Fracture of the humerus, the long bone of the upper arm connecting the arm to the shoulder, is a serious injury. Fractures of the long bone are divided into three types depending on where the fracture occurs. If the break is in the upper portion of the bone of the arm, the fracture is called a proximal humeral fracture. If the fracture is at the end portion of the bone, the fracture is termed a distal humeral fracture, while it is known as a diaphyseal fracture if the break occurs in the middle portion of the bone shaft.
Although fractures of the humerus can be caused in many ways, the most common cause is traumatic injury during sports and accidents, including car accidents. The humerus may also fracture when the bone tissue has become weakened by osteoporosis or cancer, or in the case of infection or other metabolic conditions. These bone fractures are known as pathological fractures.
Proximal humeral fracture
Proximal humeral fractures occur in the proximal portion of the humerus close to the shoulder joint. They may also be accompanied by damage to the tendons of the rotator cuff and/or the surface of the glenohumeral joint.
Diaphyseal humeral fracture
These are fractures occurring on the bone shaft between the shoulder and elbow. Most diaphyseal fractures will heal without the need for surgery, although the decision regarding surgery or conservative treatment will depend on the type of fracture.
Pre-operative planning requires careful patient assessment since important structures like arteries, veins and nerves all run alongside this portion of the arm bone.
Distal humeral fracture
Distal fractures of the humerus, i.e., a fracture near the elbow joint, occur less frequently. The result of high-energy blunt force trauma causing misalignment of the bone, distal humeral fractures often require surgical repair of the joint surfaces.
Most humeral fractures heal without the need for surgery, just by placing the arm in an immobilizing brace for 3/4 weeks. Thus immobilized, the broken bone will heal spontaneously. Care must be taken to ensure that the humerus is correctly aligned with the joint in its anatomical position.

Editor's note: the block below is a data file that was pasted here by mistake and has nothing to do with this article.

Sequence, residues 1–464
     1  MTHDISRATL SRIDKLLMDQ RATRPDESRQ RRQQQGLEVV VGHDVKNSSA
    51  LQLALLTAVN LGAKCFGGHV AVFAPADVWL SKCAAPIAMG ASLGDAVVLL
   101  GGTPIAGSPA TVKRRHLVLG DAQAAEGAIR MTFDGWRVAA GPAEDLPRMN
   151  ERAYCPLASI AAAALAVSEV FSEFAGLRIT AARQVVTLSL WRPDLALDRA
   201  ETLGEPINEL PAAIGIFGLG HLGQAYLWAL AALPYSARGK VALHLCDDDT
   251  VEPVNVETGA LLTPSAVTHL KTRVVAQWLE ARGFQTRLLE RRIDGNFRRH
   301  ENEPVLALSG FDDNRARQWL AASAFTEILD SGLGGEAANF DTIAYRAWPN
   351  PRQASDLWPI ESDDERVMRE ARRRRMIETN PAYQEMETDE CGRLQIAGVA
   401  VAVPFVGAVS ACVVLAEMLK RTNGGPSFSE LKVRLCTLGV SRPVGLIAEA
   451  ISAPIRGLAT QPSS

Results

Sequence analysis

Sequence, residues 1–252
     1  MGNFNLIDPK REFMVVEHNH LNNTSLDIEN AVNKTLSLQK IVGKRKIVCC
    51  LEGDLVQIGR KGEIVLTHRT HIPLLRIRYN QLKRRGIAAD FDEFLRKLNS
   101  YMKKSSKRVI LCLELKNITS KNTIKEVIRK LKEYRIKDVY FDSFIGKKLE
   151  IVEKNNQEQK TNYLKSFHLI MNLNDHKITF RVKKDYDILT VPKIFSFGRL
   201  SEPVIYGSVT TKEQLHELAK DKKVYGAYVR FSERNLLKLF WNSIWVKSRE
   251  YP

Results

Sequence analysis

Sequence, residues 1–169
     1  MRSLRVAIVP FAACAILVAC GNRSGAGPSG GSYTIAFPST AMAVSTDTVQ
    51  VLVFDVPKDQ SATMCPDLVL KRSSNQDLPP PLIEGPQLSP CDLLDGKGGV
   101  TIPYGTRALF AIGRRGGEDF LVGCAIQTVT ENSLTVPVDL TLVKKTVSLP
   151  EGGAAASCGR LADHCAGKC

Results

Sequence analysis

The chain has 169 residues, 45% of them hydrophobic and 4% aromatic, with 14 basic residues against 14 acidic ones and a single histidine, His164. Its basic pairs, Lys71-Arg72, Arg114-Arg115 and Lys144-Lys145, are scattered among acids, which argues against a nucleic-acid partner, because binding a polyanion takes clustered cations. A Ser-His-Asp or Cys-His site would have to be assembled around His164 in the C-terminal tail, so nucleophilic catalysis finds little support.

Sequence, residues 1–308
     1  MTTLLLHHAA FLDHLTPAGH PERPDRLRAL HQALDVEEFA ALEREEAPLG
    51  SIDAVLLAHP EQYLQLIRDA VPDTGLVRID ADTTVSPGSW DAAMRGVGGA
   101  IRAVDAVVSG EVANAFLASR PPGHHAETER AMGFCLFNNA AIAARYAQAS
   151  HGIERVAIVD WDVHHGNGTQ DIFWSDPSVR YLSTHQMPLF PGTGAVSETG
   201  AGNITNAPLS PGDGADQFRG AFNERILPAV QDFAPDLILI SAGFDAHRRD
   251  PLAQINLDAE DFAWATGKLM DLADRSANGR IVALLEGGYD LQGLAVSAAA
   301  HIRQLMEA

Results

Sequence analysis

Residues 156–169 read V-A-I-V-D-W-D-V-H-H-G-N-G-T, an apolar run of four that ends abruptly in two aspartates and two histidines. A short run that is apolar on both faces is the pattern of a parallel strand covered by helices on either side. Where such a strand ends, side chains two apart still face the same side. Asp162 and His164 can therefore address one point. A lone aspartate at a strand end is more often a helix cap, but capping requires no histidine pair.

Surgical treatment of a fractured shoulder
As already mentioned, surgery of the humerus may be necessary when the fragments of splintered bone have been displaced from their natural position, resulting in what is known as a “displaced” fracture. Ensuring if the alignment of the bone fragments is acceptable depends on several factors. Fractures near the shoulder or elbow joint, especially if the fracture extends into the joint itself, are most likely to require surgery since realignment and reconstruction must be perfect, otherwise once healed, the fractured joint may have limited functional ability, which in time may lead to arthrosis.
The type of surgical fixation procedure for a humeral fracture will depend on the type of fracture sustained.
The degree of severity of a displaced fracture, the number of bony fragments and their size will guide the decision as to whether to choose fixation with angular stable plates and screws, including, if necessary, bone grafts to sustain the fracture. Should the fixation procedure using angular stable plates and screws not be possible, the injured joint will be removed and replaced with a prosthesis.
The procedure is carried out with open surgery. A small incision is made in the skin to allow the surgeon direct vision of the surgical field, thereby avoiding the vessels and nerves and allowing accurate reduction, or “reconstruction of the puzzle” of bone fragments, which are then secured in place (synthesis).
Should the fracture be displaced and comminuted (with many small bone fragments) making simple reduction impossible, the surgeon may opt for a specific prosthetic implant to replace the badly damaged joint.